Other reports have shown the effects of nanomaterials on atopic dermatitis after topical skin painting. Ilves et al. used a mouse model of atopic dermatitis and showed that ZnO nanoparticles with a diameter of 20 nm cause an increase in IgE production after repeated topical application. However, these nanoparticles decreased local skin inflammatory responses, such as cytokine induction, in this mouse model (38). Our group showed that topical skin painting with a mixture of SiO2 nanoparticles and mite allergen suppressed allergen-specific IgG production without any changes in the IgE and Th1/Th2 immune responses (72). In addition, the suppression of IgG caused severe IgE-mediated hypersensitivity in an anaphylaxis model. Interestingly, low-level IgG production was induced when the mice were exposed to allergen-SiO2 nanoparticle agglomerates, but not when the mice were exposed to nanoparticles applied separately from the allergen, to well-dispersed nanoparticles, or to nanoparticle agglomerates via routes other than the skin. Thus, agglomeration of the allergen and SiO2 nanoparticles may have created a “depot” effect that could control the concentration of the exposed allergen and prolong allergen exposure. Thereby, we suggest that allergen-SiO2 nanoparticle agglomerates facilitated IgE-biased allergic sensitization.
These reports suggest that any nanomaterials could control the immune responses induced by a chemical sensitizer or allergen on the skin of humans. However, the mechanism responsible for these effects remains unclear. In the study described above, Smulders et al. observed that titanium levels were increased in lymph node cells after topical application of TiO2 nanoparticles, indicating that TiO2 nanoparticles penetrated the skin and translocated to the lymph nodes (65). We know that nanomaterials (<100 nm) can move to the draining lymph nodes via lymphatic vessels, but larger particles become trapped in the tissue and tend to depot near the site of injection (73). Winter et al. showed that TiO2 and SiO2 nanoparticles induce the activation of murine dendritic cells in vitro by upregulating co-stimulatory molecules (74). Therefore, one of the immunomodulating mechanisms of nanomaterials might be that they move to the draining lymph nodes after topical application and activate dendritic cells in the lymph nodes. However, little is understood about how nanomaterials affect the function of immune cells such as LCs and γδ T cells in the skin. In addition, as mentioned earlier, hair follicles have recently been revealed to have important functions in regulating the trafficking of LCs and skin-resident memory T cells (29, 75), and nanomaterials are prone to accumulate in hair follicles. Future studies should include detailed investigations into the relationship between the qualitative and quantitative distribution of nanomaterials in the skin and the effects of nanomaterials on skin immune cells, keratinocytes, and hair follicles.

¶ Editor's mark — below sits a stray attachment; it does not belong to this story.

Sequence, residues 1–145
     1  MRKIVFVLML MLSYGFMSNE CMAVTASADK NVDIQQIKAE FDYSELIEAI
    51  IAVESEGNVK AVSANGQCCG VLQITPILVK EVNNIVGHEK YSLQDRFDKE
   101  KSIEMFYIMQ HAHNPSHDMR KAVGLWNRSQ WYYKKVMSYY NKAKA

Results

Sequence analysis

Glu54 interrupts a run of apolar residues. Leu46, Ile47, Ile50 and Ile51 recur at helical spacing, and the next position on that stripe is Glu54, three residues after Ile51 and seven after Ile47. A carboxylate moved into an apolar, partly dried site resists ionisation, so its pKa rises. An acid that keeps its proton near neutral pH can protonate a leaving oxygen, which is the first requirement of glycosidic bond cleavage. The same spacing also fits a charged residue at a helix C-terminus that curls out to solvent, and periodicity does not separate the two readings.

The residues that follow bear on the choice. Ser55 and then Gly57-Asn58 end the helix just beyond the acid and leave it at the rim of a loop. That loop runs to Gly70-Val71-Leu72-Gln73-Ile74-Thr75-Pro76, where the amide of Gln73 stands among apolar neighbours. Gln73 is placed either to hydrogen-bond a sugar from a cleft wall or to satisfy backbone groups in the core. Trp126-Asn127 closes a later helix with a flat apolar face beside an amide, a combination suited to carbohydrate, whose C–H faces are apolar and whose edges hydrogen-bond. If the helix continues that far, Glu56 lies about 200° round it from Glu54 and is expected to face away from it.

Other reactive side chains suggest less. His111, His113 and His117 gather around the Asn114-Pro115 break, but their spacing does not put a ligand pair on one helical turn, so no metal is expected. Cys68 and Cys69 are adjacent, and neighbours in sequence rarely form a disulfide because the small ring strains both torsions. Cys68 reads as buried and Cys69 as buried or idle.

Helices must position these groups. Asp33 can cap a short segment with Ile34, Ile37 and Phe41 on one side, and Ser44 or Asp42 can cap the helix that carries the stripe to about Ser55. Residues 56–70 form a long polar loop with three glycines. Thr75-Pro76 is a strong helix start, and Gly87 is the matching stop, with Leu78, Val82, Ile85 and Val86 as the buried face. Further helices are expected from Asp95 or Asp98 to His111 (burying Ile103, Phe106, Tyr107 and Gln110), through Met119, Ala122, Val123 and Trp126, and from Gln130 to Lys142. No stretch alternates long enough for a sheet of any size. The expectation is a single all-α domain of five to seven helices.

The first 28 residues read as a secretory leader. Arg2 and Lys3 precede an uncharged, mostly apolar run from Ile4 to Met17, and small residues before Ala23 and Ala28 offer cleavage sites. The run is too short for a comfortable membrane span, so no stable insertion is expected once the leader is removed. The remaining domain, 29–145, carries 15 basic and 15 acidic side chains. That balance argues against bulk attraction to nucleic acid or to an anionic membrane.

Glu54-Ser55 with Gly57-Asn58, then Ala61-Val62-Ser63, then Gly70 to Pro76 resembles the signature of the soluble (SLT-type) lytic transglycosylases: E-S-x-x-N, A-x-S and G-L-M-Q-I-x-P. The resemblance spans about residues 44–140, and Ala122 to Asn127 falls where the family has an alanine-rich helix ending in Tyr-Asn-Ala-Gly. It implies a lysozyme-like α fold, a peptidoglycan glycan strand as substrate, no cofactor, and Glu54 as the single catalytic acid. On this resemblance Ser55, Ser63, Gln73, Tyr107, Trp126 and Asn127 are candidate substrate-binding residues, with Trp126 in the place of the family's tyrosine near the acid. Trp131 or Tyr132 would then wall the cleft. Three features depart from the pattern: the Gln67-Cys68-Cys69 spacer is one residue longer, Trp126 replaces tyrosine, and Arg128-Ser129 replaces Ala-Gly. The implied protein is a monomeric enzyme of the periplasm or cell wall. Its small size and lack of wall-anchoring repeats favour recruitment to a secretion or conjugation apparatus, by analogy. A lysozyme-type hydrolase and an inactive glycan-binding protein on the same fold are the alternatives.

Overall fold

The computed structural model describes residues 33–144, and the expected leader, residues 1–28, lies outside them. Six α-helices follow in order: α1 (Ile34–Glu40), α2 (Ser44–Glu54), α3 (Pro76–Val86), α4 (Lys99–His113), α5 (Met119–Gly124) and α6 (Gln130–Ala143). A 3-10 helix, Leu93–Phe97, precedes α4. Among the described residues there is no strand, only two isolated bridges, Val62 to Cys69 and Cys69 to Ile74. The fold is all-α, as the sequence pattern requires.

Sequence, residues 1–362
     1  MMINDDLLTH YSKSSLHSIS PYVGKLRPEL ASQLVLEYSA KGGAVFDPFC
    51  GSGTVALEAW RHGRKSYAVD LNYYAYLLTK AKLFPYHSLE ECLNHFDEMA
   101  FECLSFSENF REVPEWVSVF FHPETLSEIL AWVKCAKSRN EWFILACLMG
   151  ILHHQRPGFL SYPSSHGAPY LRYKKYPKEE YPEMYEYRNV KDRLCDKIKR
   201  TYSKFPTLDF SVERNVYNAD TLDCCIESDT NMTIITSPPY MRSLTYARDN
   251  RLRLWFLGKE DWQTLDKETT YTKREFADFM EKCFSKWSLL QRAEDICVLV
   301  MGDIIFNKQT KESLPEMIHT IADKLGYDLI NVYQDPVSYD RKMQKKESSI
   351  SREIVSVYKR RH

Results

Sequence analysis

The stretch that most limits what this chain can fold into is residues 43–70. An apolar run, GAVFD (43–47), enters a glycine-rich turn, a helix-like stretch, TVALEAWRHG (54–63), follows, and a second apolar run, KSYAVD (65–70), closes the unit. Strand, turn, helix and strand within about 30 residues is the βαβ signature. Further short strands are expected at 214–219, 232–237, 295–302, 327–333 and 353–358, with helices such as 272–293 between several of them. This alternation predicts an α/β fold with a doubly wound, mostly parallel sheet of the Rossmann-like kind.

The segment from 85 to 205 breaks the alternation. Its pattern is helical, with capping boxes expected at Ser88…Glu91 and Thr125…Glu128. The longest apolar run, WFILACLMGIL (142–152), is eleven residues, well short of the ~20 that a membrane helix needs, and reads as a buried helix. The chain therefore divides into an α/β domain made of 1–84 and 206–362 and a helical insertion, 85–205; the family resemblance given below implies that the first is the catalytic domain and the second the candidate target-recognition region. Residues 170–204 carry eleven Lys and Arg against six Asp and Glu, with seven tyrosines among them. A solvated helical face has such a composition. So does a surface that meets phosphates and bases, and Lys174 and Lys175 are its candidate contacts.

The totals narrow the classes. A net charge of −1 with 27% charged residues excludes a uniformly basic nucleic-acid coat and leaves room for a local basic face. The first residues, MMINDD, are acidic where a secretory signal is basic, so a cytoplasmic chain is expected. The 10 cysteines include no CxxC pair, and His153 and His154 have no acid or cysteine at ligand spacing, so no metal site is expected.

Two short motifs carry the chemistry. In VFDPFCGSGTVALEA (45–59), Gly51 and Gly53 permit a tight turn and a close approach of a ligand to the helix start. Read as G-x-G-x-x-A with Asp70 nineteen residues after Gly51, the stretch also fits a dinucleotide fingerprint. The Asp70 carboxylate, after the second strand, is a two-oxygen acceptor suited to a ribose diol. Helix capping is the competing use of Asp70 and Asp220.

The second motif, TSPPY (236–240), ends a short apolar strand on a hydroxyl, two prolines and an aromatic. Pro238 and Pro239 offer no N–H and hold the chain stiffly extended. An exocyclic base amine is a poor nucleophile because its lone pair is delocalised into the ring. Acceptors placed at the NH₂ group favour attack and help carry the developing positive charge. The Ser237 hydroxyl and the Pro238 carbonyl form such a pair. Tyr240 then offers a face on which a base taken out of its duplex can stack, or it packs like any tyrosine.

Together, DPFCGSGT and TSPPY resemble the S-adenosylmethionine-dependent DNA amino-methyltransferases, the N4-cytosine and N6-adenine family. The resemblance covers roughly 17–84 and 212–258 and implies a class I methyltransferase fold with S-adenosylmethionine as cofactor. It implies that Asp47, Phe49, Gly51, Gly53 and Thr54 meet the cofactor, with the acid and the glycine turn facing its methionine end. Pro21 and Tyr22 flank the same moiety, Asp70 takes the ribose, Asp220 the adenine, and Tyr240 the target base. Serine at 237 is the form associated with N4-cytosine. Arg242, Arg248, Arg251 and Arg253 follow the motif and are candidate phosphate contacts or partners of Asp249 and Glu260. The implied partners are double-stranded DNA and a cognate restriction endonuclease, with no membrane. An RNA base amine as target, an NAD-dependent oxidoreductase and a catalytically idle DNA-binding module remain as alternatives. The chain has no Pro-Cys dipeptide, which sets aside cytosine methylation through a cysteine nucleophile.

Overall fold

We also must pay attention to the interaction of nanomaterials with antigens. Nanomaterials can bind more antigen per mass unit than larger particles, because nanomaterials have a larger per unit surface area per mass than larger particles. This leads to an enhancement of antigen persistence and prolonged release, an effect referred to as the “depot effect.” It has been suggested that smaller TiO2 nanoparticles bind more protein antigen per mass unit than larger ones and that the depot effect on the antigen due to this binding may lead to increased antigenicity (76). Furthermore, as described below, one of the immune-activating mechanisms of aluminum salts, which are a well-known vaccine adjuvant, is believed to involve the depot effect. Therefore, the depot effect might also be one of the immune-enhancing mechanisms of nanomaterials, particularly when co-exposed with antigens.